World Bulletin/News Desk
A photograph of U.S. President Barack Obama holding a baseball bat while talking on the phone to Turkish Prime Minister Tayyip Erdogan was intended to show their close relationship, a White House spokeswoman said, after the photo caused a stir in Turkey.
The two leaders spoke on Monday to discuss the crisis in Syria, after which the photograph of Obama seated at his desk, talking on the phone while holding a bat autographed by black-American baseball great Hank Aaron, was released by the White House.
"The photo reveals from whom our Prime Minister receives orders to rule the country," Metin Lutfi Baydar, a lawmaker with Turkey's main opposition party the Republican People's Party (CHP), said in a statement.
CHP vice president Umut Oran asked through parliament if Erdogan had seen the picture and if he would take action against "an implicit insult to Turkey and its citizens".
Some newspapers took a more lighthearted view, with columnist Ahmet Hakan of Hurriyet writing: "We need to do something - retaliation seems to be the most reasonable method."
"Our prime minister needs to hold something in his hand as he's calling Obama," he added, suggesting as possible candidates a slipper, a belt or a rolling pin.
White House spokeswoman Caitlin Hayden said in a written statement on Friday that her department had seen the commentary and speculation about the photo in the Turkish media.
"We released the photo with only one purpose in mind, to highlight the President's continuing close relationship with Prime Minister Erdogan and draw attention to the important conversation they had about the worsening situation in Syria," she said.
"The President values his friendship and close partnership with Prime Minister Erdogan on a range of important issues on which the United States cooperates with Turkey," she added.
The meeting in Pretoria comes as Zuma faces growing criticism within the ruling African National Congress, which sharpened after a March cabinet reshuffle when he sacked respected finance minister Pravin Gordhan.
"It is my opinion that many of the leaks coming out of the White House are fabricated lies made up by the #FakeNews media," he wrote the morning after his return home.
"The times in which we could completely depend on others are on the way out. I've experienced that in the last few days," Merkel told a crowd at an election rally in Munich, southern Germany.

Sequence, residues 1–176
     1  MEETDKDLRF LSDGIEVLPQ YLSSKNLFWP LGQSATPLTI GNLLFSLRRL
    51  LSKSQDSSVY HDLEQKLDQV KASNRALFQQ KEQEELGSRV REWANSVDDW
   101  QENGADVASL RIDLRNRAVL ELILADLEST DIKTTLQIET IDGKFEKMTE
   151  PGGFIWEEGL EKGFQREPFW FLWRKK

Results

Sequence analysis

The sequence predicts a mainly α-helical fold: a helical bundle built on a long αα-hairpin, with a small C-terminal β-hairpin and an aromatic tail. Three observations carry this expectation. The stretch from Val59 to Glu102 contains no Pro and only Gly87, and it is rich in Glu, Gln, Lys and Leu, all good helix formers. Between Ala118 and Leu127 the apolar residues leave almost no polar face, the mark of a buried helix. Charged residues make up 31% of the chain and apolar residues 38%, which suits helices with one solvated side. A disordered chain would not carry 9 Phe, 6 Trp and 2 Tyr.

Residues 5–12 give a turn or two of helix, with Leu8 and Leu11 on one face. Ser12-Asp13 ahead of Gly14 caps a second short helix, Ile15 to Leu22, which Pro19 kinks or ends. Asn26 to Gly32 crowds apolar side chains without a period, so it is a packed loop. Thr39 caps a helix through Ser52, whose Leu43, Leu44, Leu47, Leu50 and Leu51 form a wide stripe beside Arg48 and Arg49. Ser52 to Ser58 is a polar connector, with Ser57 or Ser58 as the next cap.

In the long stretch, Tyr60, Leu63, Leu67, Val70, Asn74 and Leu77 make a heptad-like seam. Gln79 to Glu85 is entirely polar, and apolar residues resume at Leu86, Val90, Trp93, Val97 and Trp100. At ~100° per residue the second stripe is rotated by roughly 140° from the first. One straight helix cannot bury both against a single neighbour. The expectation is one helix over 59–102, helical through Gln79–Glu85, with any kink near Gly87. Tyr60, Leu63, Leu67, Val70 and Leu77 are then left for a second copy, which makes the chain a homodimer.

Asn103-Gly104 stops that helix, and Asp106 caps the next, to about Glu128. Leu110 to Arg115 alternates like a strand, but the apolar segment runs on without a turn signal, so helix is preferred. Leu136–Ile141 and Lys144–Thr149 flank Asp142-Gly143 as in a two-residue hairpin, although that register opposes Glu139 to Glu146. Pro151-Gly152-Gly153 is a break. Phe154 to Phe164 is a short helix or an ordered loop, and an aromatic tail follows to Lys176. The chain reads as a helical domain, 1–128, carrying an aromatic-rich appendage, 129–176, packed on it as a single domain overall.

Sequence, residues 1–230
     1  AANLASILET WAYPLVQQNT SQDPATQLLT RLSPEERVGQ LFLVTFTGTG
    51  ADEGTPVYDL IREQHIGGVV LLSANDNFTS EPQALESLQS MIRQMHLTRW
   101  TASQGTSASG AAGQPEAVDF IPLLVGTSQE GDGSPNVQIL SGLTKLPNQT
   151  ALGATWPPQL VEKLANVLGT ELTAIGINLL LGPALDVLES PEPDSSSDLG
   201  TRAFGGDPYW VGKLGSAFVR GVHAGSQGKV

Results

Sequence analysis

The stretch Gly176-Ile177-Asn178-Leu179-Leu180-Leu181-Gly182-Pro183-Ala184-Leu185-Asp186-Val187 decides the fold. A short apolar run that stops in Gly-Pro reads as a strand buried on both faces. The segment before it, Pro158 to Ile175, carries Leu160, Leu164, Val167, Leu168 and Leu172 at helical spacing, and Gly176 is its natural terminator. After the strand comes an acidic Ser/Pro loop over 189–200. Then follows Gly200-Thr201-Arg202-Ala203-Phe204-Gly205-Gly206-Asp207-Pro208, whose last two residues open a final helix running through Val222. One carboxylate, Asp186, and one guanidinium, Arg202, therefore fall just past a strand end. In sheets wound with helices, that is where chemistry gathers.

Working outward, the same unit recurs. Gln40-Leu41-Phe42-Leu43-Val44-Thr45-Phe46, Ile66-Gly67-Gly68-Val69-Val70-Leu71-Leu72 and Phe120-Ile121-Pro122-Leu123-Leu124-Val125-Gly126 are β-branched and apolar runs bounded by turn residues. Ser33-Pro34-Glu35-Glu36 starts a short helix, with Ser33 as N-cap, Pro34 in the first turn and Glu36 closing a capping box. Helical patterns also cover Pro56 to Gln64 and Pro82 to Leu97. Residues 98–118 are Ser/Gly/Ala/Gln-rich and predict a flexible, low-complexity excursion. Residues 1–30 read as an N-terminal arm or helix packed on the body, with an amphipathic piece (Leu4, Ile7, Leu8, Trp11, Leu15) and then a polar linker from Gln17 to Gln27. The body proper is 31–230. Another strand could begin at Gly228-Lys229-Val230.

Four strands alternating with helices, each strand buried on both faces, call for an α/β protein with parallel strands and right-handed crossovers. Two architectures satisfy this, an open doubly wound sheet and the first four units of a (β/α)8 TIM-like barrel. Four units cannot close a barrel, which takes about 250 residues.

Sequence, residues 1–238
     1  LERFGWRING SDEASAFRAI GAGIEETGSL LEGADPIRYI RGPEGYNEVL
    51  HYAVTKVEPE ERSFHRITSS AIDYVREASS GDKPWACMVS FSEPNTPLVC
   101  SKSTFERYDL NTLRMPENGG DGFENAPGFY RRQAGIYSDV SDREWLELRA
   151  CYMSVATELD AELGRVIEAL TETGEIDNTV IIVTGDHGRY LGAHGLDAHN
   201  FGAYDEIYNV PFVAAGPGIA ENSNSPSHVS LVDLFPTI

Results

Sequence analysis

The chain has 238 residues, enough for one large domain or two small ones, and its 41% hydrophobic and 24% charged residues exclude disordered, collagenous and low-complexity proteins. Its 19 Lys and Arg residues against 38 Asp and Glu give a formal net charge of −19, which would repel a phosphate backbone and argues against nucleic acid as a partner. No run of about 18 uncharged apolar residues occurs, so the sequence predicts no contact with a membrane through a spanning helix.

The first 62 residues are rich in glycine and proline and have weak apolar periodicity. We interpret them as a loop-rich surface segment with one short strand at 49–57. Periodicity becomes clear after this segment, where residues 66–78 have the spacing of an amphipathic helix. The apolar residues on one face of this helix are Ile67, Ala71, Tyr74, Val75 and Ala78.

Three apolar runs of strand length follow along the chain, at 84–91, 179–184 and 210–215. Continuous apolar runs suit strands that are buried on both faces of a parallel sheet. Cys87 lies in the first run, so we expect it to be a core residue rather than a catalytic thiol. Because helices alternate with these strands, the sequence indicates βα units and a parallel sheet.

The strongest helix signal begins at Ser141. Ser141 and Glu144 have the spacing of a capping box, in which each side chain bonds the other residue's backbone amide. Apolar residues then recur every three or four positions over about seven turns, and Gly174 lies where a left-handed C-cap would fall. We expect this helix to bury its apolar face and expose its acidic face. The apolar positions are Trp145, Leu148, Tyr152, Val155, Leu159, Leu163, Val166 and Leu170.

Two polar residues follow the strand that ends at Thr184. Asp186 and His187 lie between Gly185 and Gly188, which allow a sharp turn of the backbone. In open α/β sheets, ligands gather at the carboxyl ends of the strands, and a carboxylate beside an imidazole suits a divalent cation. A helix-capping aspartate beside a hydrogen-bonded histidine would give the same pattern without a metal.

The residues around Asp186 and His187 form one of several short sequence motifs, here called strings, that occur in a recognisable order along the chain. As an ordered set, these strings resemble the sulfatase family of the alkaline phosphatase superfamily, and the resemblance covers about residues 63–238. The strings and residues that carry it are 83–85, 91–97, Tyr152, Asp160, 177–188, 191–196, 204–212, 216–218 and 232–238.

Gaza continues to suffer from a severe power crisis
Macron praised the DR Congo authorities "for their mobilisation and the effectiveness of their action" in obtaining the hostage's release, the office said in a statement, without identifying him.
And the US president flew home Saturday boasting he had "scored a home run" everywhere he'd been, saying he had forged bonds with friends old and new in the fight against terrorism.
The Libyan jihadist group Ansar al-Sharia, which is linked to Al-Qaeda and deemed a terrorist organisation by the UN and United States, announced its "dissolution" in a communique published online on Saturday. Washington accuses the group of being behind the September 11, 2012 attack on the US consulate in the eastern city of Benghazi in which ambassador Christopher Stevens and three other Americans were killed. Ansar al-Sharia is one of the jihadist groups that sprung up in Benghazi, Libya's second largest city, in the chaos following the death of dictator Moamer Kadhafi in 2011. They overran the city in 2014. East Libyan military strongman Khalifa Haftar earlier this month launched an offensive to oust jihadist fighters from their two remaining strongholds in Benghazi. In its communique Ansar al-Sharia said it had been "weakened" by the fighting. The group lost its leader, Mohammed Azahawi, in clashes with Haftar's forces in Benghazi at the end of 2014. Most of its members then defected to the so-called Islamic State group. Ansar al-Sharia later joined the Revolutionary Shura Council of Benghazi, a local alliance of Islamist militias. At its zenith, Ansar al-Sharia was present in Benghazi and Derna in eastern Syria, with offshoots in Sirte and Sabratha, western Libya. The organisation took over barracks and other sites abandoned by the ousted Kadhafi forces and transformed them into training grounds for hundreds of jihadists seeking to head to Iraq or Syria.
An initial investigation showed that Bonnie Kalanick, 71, died Friday after the boat she was in struck a rock in Pine Flat Lake near the central California city of Fresno, the Fresno County Sheriff-Coroner's Office said in a statement.
Since its golden age in the 1960s, Clacton-on-Sea in the southeastern English county of Essex has struggled to reinvent itself, a decline witnessed by 77-year-old John.
Counter-terrorism air raid hit terror targets in Avasin-Basyan regions
The king's prosecutor late Friday ordered "the opening of an investigation and the arrest of Nasser Zefzafi" after he "obstructed, in the company of a group of individuals, freedom of worship in the Mohammed V mosque in Al-Hoceima".
Saturday's protest in Caracas was held to mark 10 years since the government shuttered a popular television station seen as having anti-government leanings.
His announcement came as a summit of G7 leaders in Sicily wrapped up in deadlock on the issue, with US partners voicing frustration at the president's failure to commit to the deal aimed at stemming global warming.
A man aged in his thirties stepped onto the grave and kicked the base of a 1.5-metre (4.9-feet) -high stone cross at its head, causing the cross to topple over and break, they said.
Investigators also gave details of the 22-year-old's last hours as they appealed to the public for any information about his movements in the days running up to Monday night's attack.
G7 nations vowed Saturday to fight protectionism